Seeking to shake the disgrace of a prostitution scandal, the Secret Service late Friday tightened conduct rules for its agents to prohibit them from drinking excessively, visiting disreputable establishments while traveling or bringing foreigners to their hotel rooms.

The new behavior policies apply to Secret Service agents even when they are off duty while traveling, barring them from drinking alcohol within 10 hours of working, according to a memorandum describing the changes obtained by The Associated Press. In some cases under the new rules, chaperones will accompany agents on trips. The embattled Secret Service director, Mark Sullivan, urged agents and other employees to "consider your conduct through the lens of the past several weeks."
Secret Service Agents needing chaperones?  Then who will monitor the chaperone? 
The new rules did not mention prostitutes or strip clubs, but they prohibit employees from allowing foreigners -- except hotel staff or foreign law enforcement colleagues -- into their hotel rooms. They also ban visits to "non-reputable" establishments, which were not defined. The State Department was expected to brief Secret Service employees on trips about areas and businesses considered off-limits to them.
This gives me a great idea for a new adventure sitcom.  Willie Slick, Secret Service agent extraordinaire, is the best there is at advance work for presidential travel.  He can infiltrate the bad guys who want to assassinate the president better than anyone else, and shoots faster and straighter than Raylan Givens.  Unfortunately, he has a predilection for booze and hookers. In an effort to keep him on the straight and narrow, his boss decides to hire and partner him with... his mother, a pistol packing, swearing divorcée with her own issues with men.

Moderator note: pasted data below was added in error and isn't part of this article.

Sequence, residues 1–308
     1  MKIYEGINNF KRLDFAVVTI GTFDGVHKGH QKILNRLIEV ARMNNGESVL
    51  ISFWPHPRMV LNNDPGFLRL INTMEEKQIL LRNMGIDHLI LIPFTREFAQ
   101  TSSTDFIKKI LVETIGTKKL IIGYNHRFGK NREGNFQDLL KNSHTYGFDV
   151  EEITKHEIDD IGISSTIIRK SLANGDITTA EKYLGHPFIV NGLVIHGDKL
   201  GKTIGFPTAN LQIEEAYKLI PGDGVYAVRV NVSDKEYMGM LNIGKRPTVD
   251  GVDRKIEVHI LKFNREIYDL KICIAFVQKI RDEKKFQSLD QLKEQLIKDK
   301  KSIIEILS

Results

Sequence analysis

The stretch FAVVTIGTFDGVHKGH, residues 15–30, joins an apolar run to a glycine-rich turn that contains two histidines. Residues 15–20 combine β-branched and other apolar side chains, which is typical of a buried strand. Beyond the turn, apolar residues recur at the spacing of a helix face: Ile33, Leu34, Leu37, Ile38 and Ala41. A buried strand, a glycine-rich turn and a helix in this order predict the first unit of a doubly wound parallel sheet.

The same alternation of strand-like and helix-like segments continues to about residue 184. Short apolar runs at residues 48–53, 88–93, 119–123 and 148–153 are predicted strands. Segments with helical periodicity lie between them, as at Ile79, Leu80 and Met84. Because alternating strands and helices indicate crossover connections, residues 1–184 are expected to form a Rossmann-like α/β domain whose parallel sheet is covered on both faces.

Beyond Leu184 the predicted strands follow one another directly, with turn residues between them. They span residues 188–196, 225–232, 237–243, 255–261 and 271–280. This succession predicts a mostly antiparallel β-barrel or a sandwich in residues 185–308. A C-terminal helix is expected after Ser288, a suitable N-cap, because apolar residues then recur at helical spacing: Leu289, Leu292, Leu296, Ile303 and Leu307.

Rule 5 Saturday - Claudia Schiffer - Still in the Business

This Rule 5 post is inspired by this piece on how Claudia Schiffer has been modelling for 23 years:
As one of the original supermodels, Claudia Schiffer always had an advantage when it comes to beauty.

A new campaign for Guess, however, shows how little the 41-year-old appears to have aged over the past 23 years.

Based on a 1989 ad for the brand shot by Ellen von Unwerth, starring a then-17-year-old Claudia, the 30-year anniversary shoot see the mother-of-three reprise the role that first made her famous.

She has been around as long as the internet...  Well, not really, but she did more to build it than Al Gore, (NSFW link) if you know what I mean.

Shockingly, for a supermodel, she doesn't come from Brazil.  She hails from Rheinburg, in the old West Germany in 1970.

While best known for standing around making minimal clothes look good, she has also done a little bit of film work, in 14 films, including Zoolander (2001), in which she got to play, now this is tough, herself.